Agriculture: problems and pollution, new technologies and solutionsA vegetable meadow?

Agriculture and soil. Pollution control, soil remediation, humus and new agricultural techniques.
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to be chafoin
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Re: A vegetable meadow?

Unread Messageby to be chafoin » 27/10/18, 11:15

Did67 wrote: idea of ​​"nitrogen pumps":

- there, on a part you will not grow vegetables next season, put a big layer of pure straw: you generate a "mega-hunger of nitrogen"
- in spring, in coarse furrows (open just with a hook, for example), install legumes forage (clovers); these are the legumes the most effective in terms of symbiotic nitrogen fixation
Would it work with non-forage legumes like beans? Do the latter have the same functioning of which you speak: the more the soil is hungry for nitrogen, the more and better the beans will grow? I ask myself the question because, by dint of doing, I find that the beans walk surprisingly well in my garden. It is such an easy crop, perhaps because it is not a variety that has been adapted to the soil / climate for a very long time. Apparently the Gauls were already cultivating it, I do not know about the "Gironde" but ...
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Re: A vegetable meadow?

Unread Messageby Did67 » 27/10/18, 11:46

to be chafoin wrote:If nutrients are leached, is it really a godsend? Of course we do not talk about the same animals, but it is good to feed micro-organisms and animals (soil) all the same.


Yes.

The loss of leachable elements is low. The essential is "trapped" in the biomass.

Ruminants eat hay that has taken rain, unless it is moldy (often this is what makes this hay is no longer used as fodder). They prefer the one who did not take the rain!

Many garden with "miserable" materials (cardboard, straws, faux-BRF ...) and "it works"! What no ruminant eat!

For me, it's still a bargain!
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Re: A vegetable meadow?

Unread Messageby Did67 » 27/10/18, 11:53

to be chafoin wrote:About the problem of mycorrhizas at this border point: Laurent Welsh also says in his conf. that those of the forest compete with those of the meadow and advises to install or maintain rosacea (brambles, small fruit, strawberry, raspberry ...) which would be a good hinge of these spaces since they would have the capacity to come into symbiosis with both types of mycorrhizae.


It defends itself. It is the natural habitat of these shrubs or strawberries. That in the absence of "forest", I feed in BRF ...

Indeed, while my vegetables "open environments" seem a little suffer from the proximity of my hedge north, "cassettes" (cassis-currant hybrids) are resplendent.

Another point: in "agroforestry", it would be necessary to install the trees after the planks of vegetables. Because otherwise, all the space is occupied by the mycorrhizae of the trees, which will not be dislodged like that! Whereas if the soil is occupied by vegetable mycorrhizae, it will not be as easy for the mycorrhizae of the trees to occupy everything. That said, the outcome of the match is known: the trees, with their mycorrhizae, take over. A meadow, naturally, evolves towards a wasteland (with brambles) that evolves towards a forest ... So the forces at stake seem unequal!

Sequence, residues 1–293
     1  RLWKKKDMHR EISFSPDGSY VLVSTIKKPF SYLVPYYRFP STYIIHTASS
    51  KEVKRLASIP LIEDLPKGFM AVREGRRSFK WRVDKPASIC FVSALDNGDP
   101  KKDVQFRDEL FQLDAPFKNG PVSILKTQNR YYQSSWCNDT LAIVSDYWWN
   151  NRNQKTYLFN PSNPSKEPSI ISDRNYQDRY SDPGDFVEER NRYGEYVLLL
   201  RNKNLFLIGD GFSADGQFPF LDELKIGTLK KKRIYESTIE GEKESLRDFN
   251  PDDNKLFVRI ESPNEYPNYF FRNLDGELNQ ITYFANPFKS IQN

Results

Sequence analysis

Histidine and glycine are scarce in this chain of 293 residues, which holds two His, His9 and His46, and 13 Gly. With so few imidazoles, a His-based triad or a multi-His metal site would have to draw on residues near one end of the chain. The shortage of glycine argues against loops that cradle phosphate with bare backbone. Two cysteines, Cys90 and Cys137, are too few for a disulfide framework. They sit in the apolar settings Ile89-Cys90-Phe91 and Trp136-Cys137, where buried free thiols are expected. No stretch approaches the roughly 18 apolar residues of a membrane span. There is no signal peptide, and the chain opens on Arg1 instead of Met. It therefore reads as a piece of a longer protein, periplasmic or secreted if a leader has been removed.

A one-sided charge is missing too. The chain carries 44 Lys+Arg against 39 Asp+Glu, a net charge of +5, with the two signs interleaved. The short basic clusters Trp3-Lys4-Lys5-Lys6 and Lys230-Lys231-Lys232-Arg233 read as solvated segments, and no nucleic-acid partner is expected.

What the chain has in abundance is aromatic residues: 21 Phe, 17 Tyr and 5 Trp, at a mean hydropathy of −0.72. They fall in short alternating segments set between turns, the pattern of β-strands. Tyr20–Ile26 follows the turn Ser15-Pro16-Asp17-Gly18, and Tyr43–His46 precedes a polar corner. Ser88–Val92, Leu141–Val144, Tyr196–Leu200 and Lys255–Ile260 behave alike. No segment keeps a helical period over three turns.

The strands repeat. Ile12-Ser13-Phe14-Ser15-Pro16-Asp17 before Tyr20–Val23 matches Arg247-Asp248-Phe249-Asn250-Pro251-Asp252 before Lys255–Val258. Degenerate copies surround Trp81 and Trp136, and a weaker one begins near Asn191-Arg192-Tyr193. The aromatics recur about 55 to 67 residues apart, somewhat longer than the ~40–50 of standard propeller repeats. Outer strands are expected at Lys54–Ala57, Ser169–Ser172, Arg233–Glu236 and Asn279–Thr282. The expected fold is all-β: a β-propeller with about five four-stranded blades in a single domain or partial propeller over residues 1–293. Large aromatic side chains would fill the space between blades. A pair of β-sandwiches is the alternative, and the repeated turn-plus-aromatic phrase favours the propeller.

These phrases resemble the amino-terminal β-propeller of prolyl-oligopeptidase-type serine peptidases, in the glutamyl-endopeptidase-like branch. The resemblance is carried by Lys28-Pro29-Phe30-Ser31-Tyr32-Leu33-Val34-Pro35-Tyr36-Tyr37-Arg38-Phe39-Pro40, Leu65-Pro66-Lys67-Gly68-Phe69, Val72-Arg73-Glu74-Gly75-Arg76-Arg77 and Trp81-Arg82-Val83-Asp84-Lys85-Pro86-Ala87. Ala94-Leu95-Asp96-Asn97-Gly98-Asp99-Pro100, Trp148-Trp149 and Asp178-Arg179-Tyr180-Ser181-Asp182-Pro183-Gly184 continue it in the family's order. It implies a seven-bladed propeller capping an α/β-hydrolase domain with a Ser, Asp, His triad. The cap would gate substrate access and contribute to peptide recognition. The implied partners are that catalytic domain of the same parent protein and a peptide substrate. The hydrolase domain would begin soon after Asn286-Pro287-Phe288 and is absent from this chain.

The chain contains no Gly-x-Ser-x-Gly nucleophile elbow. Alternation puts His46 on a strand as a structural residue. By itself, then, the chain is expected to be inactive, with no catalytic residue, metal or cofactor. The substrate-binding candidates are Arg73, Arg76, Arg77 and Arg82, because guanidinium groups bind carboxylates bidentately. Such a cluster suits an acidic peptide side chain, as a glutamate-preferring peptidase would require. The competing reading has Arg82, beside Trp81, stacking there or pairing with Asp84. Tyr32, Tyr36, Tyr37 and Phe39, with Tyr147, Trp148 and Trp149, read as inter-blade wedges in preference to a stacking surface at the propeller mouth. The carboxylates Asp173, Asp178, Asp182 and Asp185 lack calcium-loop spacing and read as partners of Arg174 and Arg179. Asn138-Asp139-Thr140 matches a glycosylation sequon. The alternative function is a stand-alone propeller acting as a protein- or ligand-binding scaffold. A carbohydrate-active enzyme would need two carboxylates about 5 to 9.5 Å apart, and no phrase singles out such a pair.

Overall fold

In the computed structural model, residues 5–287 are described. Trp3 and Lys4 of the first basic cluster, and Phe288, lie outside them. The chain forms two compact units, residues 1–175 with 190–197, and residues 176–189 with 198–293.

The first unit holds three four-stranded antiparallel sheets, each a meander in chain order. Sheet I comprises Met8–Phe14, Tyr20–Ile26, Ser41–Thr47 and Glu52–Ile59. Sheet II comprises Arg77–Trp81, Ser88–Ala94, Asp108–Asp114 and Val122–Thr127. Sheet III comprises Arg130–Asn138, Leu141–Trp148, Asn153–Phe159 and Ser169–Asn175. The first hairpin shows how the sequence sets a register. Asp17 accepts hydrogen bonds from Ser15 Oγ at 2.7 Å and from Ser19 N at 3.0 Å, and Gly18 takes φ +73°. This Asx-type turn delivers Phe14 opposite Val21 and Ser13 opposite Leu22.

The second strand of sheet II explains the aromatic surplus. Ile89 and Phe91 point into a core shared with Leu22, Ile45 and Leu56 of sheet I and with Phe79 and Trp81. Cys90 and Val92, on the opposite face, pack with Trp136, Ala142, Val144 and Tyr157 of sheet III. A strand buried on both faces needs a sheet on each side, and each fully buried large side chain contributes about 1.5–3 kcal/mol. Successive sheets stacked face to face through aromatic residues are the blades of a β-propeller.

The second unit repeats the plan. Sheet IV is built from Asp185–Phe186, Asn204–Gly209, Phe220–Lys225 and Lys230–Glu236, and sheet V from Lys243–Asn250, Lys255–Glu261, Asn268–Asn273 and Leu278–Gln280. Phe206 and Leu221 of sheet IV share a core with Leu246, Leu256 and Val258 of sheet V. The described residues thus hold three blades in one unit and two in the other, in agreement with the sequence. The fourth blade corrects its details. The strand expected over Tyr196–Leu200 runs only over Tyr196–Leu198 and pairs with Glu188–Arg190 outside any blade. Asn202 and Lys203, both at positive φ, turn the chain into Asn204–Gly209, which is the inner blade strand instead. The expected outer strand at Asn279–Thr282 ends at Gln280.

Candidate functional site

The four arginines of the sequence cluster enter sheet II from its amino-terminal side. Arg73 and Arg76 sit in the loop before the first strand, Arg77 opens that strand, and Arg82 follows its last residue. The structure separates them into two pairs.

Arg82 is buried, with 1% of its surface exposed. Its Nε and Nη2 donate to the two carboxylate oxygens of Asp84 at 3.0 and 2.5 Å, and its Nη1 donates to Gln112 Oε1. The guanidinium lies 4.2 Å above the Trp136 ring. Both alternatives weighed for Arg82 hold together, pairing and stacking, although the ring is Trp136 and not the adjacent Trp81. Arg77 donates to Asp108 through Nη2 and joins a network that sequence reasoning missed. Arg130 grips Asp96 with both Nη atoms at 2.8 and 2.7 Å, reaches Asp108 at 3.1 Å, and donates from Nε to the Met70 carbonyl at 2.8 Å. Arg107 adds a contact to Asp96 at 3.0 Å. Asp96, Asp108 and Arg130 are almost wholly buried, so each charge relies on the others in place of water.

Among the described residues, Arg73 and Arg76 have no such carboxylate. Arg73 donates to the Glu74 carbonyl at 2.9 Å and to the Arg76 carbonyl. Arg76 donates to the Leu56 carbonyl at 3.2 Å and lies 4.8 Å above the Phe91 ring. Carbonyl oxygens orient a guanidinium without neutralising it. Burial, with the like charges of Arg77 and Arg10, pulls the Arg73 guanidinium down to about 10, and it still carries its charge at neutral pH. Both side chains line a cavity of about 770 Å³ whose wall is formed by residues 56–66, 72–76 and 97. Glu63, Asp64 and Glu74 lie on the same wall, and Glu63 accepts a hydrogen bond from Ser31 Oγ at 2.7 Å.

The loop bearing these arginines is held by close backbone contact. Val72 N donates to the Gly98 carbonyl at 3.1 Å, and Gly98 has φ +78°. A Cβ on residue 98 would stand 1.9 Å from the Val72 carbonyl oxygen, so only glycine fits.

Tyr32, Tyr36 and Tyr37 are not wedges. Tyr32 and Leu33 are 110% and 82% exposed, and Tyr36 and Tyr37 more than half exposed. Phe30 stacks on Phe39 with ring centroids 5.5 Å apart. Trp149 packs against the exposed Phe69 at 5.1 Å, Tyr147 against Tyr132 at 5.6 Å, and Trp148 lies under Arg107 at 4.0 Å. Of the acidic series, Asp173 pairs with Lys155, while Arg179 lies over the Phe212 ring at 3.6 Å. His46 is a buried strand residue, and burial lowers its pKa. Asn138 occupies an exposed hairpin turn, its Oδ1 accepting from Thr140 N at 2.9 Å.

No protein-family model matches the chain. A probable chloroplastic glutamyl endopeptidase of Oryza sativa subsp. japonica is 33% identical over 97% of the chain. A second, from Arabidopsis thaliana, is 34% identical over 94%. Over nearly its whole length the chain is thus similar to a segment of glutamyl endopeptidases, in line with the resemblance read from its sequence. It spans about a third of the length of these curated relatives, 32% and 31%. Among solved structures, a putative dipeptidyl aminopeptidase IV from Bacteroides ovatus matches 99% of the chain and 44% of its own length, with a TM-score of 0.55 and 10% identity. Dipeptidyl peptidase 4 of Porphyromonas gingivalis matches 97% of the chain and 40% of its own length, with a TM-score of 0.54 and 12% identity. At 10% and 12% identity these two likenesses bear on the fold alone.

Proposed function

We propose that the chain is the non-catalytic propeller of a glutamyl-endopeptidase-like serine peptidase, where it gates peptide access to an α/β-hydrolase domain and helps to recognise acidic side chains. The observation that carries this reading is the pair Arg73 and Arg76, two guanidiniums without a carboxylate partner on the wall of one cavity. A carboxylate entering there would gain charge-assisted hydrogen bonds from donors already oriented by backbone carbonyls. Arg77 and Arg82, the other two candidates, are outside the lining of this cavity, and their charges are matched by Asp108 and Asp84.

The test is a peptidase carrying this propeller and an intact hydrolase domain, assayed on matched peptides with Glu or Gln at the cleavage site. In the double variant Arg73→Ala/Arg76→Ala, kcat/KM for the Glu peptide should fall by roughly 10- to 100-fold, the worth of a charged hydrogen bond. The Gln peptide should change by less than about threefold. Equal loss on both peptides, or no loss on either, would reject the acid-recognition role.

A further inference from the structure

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Re: A vegetable meadow?

Unread Messageby Did67 » 27/10/18, 12:03

to be chafoin wrote:[
Would it work with non-forage legumes like beans? Do the latter have the same functioning of which you speak: the more the soil is hungry for nitrogen, the more and better the beans will grow? I ask myself the question because, by dint of doing, I find that the beans walk surprisingly well in my garden. It is such an easy crop, perhaps because it is not a variety that has been adapted to the soil / climate for a very long time. Apparently the Gauls were already cultivating it, I do not know about the "Gironde" but ...


They make symbiotic fixation, like forage legumes, but are much less efficient.

I suppose they are also regulated by a negative "feedback": the more nitrogen in the soil, the less they fix the atmospheric nitrogen. On beans, I clearly observed the absence of nodosity.

So there is another "system", intermediate:

a) create a hunger for nitrogen
b) grow legumes: beans, beans ... which we can think that they will be less efficient than the same cultivated WITHOUT hunger for nitrogen. But they will still produce something!
c) maybe - probably - the rise of the N rate of the soil, and its ability to produce many other non-nitrogen fixing vegetables will be slower ... But as we harvest already, it will not be so serious ...

Note in passing that we are re-inventing the "agricultural revolution of 18ème", more precisely its first step: the introduction of legumes instead of bi- or triennial fallows. [This will then allow the heavier mechanization, because one can better feed the animals of strokes, more numerous. This will lead to an evolution "capitalistic" because everyone will have access to this technology, but those who have access take over ... The others are impoverished and become servants in the first.]